PCB gold finger is a narrow gold-plated connector on the edge of PCB, which can be used to connect multiple boards. Gold fingers are chosen because they have the highest corrosion resistance and conductivity, second only to copper and silver. Sometimes gold, in combination with cobalt and nickel, increases the wear resistance of the fingers. PCB connected / disconnected multiple times. Therefore, these connection points (fingers) must be able to handle some wear.
The electroplating process of PCB gold finger begins after solder resist deposition and before surface polishing. It includes the following steps:
Nickel plating: initially, nickel plating between 2 and 6 microns to the edge of the finger connector.
Gold plating: in this step, hard gold between 1 and 2 microns is plated on the nickel layer. In general, cobalt is also added to gold to improve the surface resistance.
Bevel: then bevel / taper the edge at a specific angle (30 to 45 degrees) to make it easier to insert into the corresponding slot.
Design specification of PCB gold finger:
1. The internal PCB layer towards the edge of PCB must be free of copper to prevent exposure during chamfering.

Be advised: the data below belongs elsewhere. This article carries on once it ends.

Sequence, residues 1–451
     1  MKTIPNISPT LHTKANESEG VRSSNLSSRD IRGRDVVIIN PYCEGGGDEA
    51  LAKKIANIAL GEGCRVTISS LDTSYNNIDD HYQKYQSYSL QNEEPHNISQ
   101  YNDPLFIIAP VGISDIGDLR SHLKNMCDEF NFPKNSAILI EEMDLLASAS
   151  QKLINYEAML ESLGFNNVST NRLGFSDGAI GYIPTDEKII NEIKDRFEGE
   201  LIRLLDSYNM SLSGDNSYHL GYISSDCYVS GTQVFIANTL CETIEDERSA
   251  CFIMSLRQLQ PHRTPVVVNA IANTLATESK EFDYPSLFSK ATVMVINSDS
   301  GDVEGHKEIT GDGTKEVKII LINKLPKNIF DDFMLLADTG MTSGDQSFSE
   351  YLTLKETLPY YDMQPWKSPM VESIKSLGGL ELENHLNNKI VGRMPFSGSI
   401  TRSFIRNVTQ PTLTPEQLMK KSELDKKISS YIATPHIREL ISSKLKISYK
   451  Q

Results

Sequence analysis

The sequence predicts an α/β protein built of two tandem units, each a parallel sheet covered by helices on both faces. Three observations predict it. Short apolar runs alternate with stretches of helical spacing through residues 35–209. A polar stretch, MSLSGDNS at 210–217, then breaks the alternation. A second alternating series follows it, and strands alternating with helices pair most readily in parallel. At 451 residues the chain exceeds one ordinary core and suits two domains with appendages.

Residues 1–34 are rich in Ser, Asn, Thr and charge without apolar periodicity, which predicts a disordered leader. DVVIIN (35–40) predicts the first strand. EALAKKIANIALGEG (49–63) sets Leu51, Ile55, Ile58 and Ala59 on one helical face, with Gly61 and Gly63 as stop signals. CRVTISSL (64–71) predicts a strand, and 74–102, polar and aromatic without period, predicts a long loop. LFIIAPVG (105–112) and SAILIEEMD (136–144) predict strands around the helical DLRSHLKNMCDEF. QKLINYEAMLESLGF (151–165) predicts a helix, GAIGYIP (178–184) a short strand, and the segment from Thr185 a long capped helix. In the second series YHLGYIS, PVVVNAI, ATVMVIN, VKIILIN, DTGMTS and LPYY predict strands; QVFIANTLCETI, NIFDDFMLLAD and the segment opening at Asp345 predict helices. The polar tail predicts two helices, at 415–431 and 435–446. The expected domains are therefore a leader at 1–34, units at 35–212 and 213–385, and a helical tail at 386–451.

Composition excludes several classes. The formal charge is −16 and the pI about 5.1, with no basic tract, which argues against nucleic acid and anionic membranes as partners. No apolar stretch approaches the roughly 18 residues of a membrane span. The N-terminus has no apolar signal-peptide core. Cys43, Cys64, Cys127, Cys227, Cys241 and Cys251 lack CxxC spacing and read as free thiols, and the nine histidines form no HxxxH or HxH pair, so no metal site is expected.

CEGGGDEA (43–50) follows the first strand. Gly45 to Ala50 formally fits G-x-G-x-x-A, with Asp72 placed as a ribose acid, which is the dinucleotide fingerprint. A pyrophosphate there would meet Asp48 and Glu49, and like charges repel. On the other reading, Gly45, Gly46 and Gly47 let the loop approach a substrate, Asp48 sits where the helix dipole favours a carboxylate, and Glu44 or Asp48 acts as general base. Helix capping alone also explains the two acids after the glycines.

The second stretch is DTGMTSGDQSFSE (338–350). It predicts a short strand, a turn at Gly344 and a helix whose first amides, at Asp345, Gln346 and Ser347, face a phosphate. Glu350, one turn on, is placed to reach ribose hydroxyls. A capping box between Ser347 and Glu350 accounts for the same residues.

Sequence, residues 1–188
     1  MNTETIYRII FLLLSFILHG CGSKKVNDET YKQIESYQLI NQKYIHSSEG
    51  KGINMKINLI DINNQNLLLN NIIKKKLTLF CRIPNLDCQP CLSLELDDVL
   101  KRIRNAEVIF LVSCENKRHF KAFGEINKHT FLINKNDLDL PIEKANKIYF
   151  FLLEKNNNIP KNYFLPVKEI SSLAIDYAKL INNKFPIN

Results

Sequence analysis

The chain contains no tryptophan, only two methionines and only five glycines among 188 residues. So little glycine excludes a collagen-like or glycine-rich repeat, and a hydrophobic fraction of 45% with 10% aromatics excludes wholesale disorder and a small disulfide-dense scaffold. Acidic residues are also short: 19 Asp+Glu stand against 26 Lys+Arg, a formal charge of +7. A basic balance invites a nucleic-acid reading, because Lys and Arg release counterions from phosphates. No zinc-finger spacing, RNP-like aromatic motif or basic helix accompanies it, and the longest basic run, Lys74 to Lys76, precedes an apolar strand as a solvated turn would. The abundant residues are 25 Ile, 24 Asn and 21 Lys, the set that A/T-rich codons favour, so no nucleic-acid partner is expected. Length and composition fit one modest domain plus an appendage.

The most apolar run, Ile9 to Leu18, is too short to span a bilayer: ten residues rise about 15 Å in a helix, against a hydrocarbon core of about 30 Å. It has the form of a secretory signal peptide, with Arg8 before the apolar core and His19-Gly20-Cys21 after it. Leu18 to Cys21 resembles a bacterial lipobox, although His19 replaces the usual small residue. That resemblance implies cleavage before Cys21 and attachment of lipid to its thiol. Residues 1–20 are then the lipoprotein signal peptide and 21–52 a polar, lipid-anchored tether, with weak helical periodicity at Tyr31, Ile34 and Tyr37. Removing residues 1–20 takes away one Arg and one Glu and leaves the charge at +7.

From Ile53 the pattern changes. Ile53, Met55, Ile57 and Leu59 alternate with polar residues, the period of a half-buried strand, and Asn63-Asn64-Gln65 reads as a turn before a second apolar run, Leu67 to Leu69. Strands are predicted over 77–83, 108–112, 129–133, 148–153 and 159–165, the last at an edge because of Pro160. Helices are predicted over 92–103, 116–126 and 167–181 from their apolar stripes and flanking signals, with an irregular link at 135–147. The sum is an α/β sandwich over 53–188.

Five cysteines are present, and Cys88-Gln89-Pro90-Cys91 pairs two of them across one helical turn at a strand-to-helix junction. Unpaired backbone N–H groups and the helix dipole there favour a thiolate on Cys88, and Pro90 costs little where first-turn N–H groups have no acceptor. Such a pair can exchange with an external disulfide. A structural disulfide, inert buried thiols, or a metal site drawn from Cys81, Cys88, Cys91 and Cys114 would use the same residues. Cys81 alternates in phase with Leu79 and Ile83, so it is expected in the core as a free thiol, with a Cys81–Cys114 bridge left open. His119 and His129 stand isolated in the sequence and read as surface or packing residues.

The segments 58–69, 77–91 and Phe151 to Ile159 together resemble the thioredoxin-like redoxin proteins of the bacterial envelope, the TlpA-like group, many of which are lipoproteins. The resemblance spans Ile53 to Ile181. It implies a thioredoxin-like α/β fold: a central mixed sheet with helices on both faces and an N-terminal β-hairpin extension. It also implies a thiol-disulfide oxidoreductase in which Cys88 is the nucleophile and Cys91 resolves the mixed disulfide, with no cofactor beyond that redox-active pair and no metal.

2. It is not recommended to include PTH within 1mm of gold finger.
4. Keep a distance of at least 0.5mm between the gold finger and the circuit board outline.
5. Any compromise of the standard spacing values can lead to PCB weakness and failure.
6. Do not use anti welding or screen printing near the golden finger.
7. The gold finger shall be placed at the position with the PCB center facing outward.
The IPC has set some standards for the production of PCB gold fingers. IPC standards are summarized as follows:
Chemical composition: in order to maximize the rigidity of the edge of PCB gold finger, the gold plating should contain 5% to 10% cobalt.
Thickness: coating thickness shall be in the range of 2 to 50 microinches.
Appearance test: the appearance inspection is carried out through a magnifying glass. The contact edge shall be smooth, the surface shall be clean and free of excessive coating such as nickel.
Tape test: carry out this test to check the adhesion of gold plating on the contact. In this test, a tape is fixed to the contact edge and removed. In the next step, check the tape for traces of plating. If any gold is visible on the tape, the coating is not considered adequate for continuous injection and ejection.